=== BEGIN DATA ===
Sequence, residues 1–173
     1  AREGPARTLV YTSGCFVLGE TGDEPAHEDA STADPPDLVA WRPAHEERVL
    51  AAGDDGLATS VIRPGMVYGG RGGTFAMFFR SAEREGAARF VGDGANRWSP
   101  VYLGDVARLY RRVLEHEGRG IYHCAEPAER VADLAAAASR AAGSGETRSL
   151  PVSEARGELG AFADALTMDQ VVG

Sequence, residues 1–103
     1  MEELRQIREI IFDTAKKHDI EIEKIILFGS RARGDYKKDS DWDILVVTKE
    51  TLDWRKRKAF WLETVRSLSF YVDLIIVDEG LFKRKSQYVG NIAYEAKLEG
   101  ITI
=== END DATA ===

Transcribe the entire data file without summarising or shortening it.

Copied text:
Sequence, residues 1–173
     1  AREGPARTLV YTSGCFVLGE TGDEPAHEDA STADPPDLVA WRPAHEERVL
    51  AAGDDGLATS VIRPGMVYGG RGGTFAMFFR SAEREGAARF VGDGANRWSP
   101  VYLGDVARLY RRVLEHEGRG IYHCAEPAER VADLAAAASR AAGSGETRSL
   151  PVSEARGELG AFADALTMDQ VVG

Sequence, residues 1–103
     1  MEELRQIREI IFDTAKKHDI EIEKIILFGS RARGDYKKDS DWDILVVTKE
    51  TLDWRKRKAF WLETVRSLSF YVDLIIVDEG LFKRKSQYVG NIAYEAKLEG
   101  ITI